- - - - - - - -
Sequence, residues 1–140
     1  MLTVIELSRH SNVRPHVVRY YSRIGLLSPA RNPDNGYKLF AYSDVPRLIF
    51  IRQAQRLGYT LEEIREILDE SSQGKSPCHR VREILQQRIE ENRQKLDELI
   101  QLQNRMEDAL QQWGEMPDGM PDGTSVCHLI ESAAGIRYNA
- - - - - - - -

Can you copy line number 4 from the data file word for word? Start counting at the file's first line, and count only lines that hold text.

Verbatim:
   101  QLQNRMEDAL QQWGEMPDGM PDGTSVCHLI ESAAGIRYNA